The aide — familiar with the discussions over the two investigations — said lawmakers were convinced that calling in SIGAR was the right move after viewing the original document outlining the Pentagon’s research project, which was “focused entirely on the DoD. It was very limited in scope, and the conclusions would not necessarily be made public. We felt a more expansive inquiry by SIGAR was warranted, whose conclusions would be made public.”

The expanded scope of the new Pentagon project moves beyond its initial plan to discover if U.S. commanders issued instructions to “discourage reporting” of alleged Afghan abuses and to determine how many cases of alleged abuse had been reported to U.S. and Afghan authorities.

The new assessment, in contrast, will look at what legal authorities American military personnel might have to intervene in such cases while in Afghanistan. It will also seek to discover if U.S. forces are authorized to use force to stop abuse, and what powers Americans in Afghanistan might have to control which civilians might enter a base.

Another significant addition ripped straight from the pages of SIGAR’s investigation is a fresh assessment of what role the so-called “Leahy amendment” might play in Afghanistan.

Championed by Sen. Leahy, the rule prohibits U.S. forces from providing assistance to foreign military units who have engaged in human rights abuses. U.S. military officials have not applied the Leahy rule in Afghanistan before, but the Pentagon will consider how the rule might apply to interactions between U.S. forces and Afghan units they are partnering with.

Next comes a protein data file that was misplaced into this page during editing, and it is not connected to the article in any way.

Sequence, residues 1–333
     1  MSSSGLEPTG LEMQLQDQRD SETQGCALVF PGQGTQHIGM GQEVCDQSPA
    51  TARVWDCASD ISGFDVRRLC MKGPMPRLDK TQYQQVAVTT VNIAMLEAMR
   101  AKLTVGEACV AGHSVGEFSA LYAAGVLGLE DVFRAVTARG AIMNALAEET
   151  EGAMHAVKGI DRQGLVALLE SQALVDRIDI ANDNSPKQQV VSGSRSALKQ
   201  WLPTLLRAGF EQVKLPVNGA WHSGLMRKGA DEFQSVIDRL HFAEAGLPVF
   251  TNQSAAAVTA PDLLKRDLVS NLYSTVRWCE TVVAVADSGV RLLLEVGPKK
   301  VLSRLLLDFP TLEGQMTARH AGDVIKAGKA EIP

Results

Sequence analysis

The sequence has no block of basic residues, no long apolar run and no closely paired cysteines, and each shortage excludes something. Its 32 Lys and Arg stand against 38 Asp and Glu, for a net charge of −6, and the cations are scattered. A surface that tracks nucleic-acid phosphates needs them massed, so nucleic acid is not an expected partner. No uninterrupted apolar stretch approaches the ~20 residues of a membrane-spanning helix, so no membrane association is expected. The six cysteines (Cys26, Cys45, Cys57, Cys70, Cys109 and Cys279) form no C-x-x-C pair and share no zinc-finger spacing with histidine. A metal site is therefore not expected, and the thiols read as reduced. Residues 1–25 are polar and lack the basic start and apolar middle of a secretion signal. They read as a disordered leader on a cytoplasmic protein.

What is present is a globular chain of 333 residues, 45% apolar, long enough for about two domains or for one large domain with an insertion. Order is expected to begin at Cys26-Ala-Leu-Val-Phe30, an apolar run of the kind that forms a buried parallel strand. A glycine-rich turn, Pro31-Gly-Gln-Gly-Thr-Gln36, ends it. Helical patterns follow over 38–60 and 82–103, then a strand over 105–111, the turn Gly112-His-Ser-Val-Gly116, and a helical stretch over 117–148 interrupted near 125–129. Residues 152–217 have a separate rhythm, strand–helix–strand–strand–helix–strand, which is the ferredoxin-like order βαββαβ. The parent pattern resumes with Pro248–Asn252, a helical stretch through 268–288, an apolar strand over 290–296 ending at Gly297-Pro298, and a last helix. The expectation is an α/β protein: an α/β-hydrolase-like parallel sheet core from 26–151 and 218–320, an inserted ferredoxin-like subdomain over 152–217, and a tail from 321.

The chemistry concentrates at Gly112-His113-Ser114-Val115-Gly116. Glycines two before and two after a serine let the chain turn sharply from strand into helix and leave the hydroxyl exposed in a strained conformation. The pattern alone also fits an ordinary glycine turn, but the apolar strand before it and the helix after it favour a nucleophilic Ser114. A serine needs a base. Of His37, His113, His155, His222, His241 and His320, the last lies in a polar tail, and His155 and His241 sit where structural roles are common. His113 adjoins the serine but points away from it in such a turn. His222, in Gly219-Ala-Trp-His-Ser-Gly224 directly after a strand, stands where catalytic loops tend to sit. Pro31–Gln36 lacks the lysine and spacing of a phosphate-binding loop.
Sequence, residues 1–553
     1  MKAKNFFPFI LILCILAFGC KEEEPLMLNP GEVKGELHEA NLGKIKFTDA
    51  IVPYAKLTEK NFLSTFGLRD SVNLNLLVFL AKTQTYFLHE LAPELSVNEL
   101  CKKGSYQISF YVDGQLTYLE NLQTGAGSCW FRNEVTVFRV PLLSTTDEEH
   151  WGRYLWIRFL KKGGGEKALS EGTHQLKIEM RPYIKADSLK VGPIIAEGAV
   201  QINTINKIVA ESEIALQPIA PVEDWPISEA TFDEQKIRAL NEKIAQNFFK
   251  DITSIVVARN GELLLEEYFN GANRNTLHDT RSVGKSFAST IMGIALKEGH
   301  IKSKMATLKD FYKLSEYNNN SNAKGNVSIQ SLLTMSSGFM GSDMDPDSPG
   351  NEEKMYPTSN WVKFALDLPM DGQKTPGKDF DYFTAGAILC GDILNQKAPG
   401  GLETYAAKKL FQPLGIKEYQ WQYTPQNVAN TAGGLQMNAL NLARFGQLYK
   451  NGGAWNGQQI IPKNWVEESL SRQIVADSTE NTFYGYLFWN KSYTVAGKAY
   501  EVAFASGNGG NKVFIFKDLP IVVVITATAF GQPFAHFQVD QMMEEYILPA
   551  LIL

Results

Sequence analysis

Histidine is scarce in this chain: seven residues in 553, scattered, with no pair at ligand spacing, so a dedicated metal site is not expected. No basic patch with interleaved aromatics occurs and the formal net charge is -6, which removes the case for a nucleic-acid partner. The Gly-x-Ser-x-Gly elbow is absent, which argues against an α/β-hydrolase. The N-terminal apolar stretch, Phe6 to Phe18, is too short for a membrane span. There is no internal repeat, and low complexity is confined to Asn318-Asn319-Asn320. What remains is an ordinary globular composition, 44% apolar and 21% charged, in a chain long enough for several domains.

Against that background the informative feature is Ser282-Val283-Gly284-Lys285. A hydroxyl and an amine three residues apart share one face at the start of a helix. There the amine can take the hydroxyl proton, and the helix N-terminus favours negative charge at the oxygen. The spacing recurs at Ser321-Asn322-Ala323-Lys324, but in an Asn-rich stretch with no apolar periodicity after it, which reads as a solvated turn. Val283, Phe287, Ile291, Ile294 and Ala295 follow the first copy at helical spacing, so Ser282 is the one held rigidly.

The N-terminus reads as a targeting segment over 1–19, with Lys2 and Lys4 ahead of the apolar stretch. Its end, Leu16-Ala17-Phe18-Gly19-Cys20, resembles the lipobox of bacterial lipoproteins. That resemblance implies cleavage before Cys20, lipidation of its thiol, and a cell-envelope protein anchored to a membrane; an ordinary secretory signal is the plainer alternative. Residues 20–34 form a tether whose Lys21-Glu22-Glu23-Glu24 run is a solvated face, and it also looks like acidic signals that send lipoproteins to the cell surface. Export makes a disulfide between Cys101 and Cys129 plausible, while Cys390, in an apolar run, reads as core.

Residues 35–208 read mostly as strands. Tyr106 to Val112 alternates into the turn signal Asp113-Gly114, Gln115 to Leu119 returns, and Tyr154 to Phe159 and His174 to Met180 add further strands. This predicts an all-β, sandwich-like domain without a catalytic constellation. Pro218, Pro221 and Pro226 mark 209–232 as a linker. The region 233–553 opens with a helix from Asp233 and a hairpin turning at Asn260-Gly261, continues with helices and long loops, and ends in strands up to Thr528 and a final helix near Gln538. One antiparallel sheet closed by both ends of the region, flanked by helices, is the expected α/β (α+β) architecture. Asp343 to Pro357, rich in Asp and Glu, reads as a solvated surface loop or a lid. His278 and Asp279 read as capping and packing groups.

Military officials have long denied that there were any written or unwritten policies directing service members to ignore the abuse. Gen. John Campbell, head of U.S. and NATO forces in Afghanistan, told Congress in October that “what our policy has said since 2011 is that you have to report instances of sexual abuse by the Afghan security forces up the chain of command.” He added that he was unaware of any other direct or indirect orders to ignore the abuse.

The whole question of Afghan officers abusing children — known as “bacha bazi,” a slang term which means “boy play” — exploded last year due to the case of U.S. Army Sgt. 1st Class Charles Martland. Along with fellow Green Beret Capt. Daniel Quinn, Martland admitted to roughing up a local Afghan police commander in Kunduz in 2011 after their superiors allegedly ignored reports that the police commander repeatedly raped a boy he kept chained to his bed.

Quinn has since left the Army, but Martland is fighting to stay in despite the service’s attempts to discharge him. In October, then-Army Secretary John McHugh agreed to postpone Martland’s discharge until the soldier could file an appeal. The Army has until March 1 to decide whether he can remain in the service.

While the results of the new inquiry would come too late to influence Martland’s case, Rep. Duncan Hunter (R-Calif.) said in a statement Monday that “while the prevalence of abuse in Afghanistan won’t suddenly stop, we can at least begin confronting the issue by ensuring it’s never allowed to happen in the presence of U.S. forces.” He added that he welcomes the new investigation, but “there must be resolution for [Sgt. 1st Class] Charles Martland, in a way that permits him to continue his service to the nation.”

Photo credit: NOORULLAH SHIRZADA/AFP/Getty Images

Paul McLeary is Foreign Policy’s senior reporter covering the U.S. Defense Department and national security issues. @paulmcleary